By B. Burstow
Read or Download Psychiatry and the Business of Madness: An Ethical and Epistemological Accounting PDF
Best administration & policy books
In-depth learn of internet-enhanced healthcare prone entire and thorough survey of the main promising e-health applied sciences provides quite a few actual international examples Emphasis on overseas health-informatics subject matters, similar to larger entry of states / international locations to fashionable e-health applied sciences built by way of prime facilities
During this e-book, a world crew of philosophers, economists and theologians concentrate on the connection among justice, good fortune and accountability in future health care. jointly, they provide an intensive mirrored image on questions comparable to: How may still we comprehend justice in well-being care? Why are well-being care pursuits so vital that they deserve certain safeguard?
Lisa Bellantoni argues that modern bioethics divides into logically incommensurable positions: a cult of rights, which identifies the price of human existence with our autonomy, and a cult of lifestyles, which identifies human worthy with the ownership of a soul, and thereby, of human dignity.
This 3rd version of HIMSS' award-winning, bestseller explores how clinicians, sufferers, and healthiness IT stakeholders are taking part to help high-value care via health and wellbeing IT. scientific Informatics: An government Primer maintains to discover details applied sciences utilized in medical institution settings, on the physician's workplace and in sufferers' houses to supply high-value sufferer care.
- The Human Side of Medicine: Learning What It's Like to Be a Patient and What It's Like to Be a Physician
- The CDA TM book
- The Design and Conduct of Meaningful Experiments Involving Human Participants: 25 Scientific Principles
- Developing a Narrative Approach to Healthcare Research
- Narrative Medicine: Bridging the Gap between Evidence-Based Care and Medical Humanities
- Erfolgreich im Pharma-Marketing: Wie Sie im Produktmanagement von Arzneimitteln Arzte, Apotheker, Patienten, Experten und Manager als Kunden gewinnen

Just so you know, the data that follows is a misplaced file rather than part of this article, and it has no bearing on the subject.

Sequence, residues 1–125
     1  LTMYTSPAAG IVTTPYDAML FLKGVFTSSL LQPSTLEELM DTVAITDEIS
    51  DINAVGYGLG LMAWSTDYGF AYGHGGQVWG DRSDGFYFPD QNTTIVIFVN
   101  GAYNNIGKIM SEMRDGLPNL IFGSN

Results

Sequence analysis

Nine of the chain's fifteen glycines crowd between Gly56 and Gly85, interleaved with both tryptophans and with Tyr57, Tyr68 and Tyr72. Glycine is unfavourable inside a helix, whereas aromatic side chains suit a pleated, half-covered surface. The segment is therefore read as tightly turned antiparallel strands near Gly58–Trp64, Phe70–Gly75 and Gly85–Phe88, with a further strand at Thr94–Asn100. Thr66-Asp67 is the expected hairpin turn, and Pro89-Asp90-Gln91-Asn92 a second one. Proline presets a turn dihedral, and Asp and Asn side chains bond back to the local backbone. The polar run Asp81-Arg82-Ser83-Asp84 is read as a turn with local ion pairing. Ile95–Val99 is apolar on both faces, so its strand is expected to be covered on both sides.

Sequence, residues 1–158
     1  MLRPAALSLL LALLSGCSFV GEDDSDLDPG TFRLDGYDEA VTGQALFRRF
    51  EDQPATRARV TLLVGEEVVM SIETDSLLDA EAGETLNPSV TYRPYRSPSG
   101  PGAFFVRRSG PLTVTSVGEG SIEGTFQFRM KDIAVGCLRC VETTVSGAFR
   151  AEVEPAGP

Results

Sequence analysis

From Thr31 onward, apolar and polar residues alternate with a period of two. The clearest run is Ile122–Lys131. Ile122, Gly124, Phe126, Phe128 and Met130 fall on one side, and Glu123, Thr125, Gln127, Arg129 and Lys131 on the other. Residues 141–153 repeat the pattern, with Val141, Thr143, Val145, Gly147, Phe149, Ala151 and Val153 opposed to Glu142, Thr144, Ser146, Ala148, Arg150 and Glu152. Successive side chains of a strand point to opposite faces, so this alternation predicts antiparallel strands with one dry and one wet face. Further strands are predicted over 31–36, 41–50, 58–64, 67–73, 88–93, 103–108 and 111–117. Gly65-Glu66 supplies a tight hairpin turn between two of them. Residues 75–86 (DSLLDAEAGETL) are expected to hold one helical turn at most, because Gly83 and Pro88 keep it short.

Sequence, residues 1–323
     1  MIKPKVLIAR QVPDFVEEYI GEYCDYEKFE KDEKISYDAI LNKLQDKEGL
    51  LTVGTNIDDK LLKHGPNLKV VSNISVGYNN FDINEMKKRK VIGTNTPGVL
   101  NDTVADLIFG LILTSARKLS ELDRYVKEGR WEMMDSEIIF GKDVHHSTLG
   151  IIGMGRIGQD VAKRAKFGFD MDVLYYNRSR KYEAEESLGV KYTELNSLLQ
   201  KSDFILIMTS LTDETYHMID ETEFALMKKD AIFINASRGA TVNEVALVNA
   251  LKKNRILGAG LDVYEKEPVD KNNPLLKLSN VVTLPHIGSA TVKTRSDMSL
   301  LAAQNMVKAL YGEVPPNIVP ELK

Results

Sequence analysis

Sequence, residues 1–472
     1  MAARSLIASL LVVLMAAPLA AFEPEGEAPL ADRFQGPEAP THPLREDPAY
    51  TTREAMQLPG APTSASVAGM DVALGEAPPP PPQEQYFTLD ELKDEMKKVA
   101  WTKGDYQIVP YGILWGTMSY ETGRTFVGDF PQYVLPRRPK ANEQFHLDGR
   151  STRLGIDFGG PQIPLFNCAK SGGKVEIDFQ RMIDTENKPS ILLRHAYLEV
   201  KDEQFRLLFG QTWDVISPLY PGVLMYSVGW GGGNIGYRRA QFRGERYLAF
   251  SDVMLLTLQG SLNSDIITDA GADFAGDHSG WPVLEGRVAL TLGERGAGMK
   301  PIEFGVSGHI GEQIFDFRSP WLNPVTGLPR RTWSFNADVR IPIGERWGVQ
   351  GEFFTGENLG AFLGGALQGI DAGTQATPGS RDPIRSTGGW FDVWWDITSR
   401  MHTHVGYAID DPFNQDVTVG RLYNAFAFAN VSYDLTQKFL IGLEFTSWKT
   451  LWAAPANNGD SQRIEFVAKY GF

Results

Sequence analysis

Additional info for Psychiatry and the Business of Madness: An Ethical and Epistemological Accounting
11 So ended the era of moral treatment. ” This notwithstanding, it is a mistake to idealize moral treatment. It never resolved—nor could it resolve—the thorny issue of coercion at its core. Correspondingly, despite the emphasis on the relationship, even at its best, it was hardly a dialogue. The mad, note, were to be managed—not listened to. Medical Advances, Professionalization, and the State The late eighteenth century was a critical period for Western medicine proper. Access to corpses allowed them to actually see where organs were situated, how disease processes worked.
Laing (1959/1965), who replaces medical concepts with existential ones and argues that “symptoms” might be best seen as solutions to social and interpersonal dilemmas; psychiatrist Peter Breggin (1983 and 1979), who puts forth the hypothesis that there is a one-to-one correlation between the “effectiveness” of psychiatric treatments and the brain damage produced; Howard Becker (1963) and Erving Goffman (1961), members of a groundbreaking group of sociologists known as “labeling theorists,” who demonstrated convincingly that labels and professionals play a central role in creating “deviance”16 ; journalist Robert Whitaker (2010 and 2002), whose extensive research into the relationship between psychiatry and the multinational pharmaceutical industry has revealed conflicts of interest of staggering proportions; feminists Phyllis Chesler (1972), Elaine Showalter (1987), and Paula Caplan (1995) for tracing the construction of woman as mad; Frantz Fanon (1952/1967), who interrogated the racism and laid bare the colonial enterprise; Kirk and Kutchins (1992) for shedding light on DSM processes; Erik Fabris (2011), a sociologist/psychiatric survivor who highlights the survivor narrative; and psychiatrist David Healy (2009), who has revealed harrowing truths about the psychopharmaceutical industry (note, given their privileged access to confidential material because of their status as expert witnesses in liability suits, Breggin and Healy are especially referenced—albeit Healy, significantly, with respect to drugs only).
As such, Shorter (1997) is correct that the approach to the “mad” was hardly ideal. To label it appalling compared to today is a different matter altogether. What this view ignores is that comparatively few were considered or treated as mad, as contrasted with the billions so treated today. In fact, even as late as the seventeenth century, the famous Bethlehem (Bedlam) Hospital—the sole hospital for “lunatics” in all of England—held fewer than 30 patients. What is likewise apropos, as noted by Southworth (1998), there was a curious paradox at the heart of the medieval/ Renaissance perception of madness.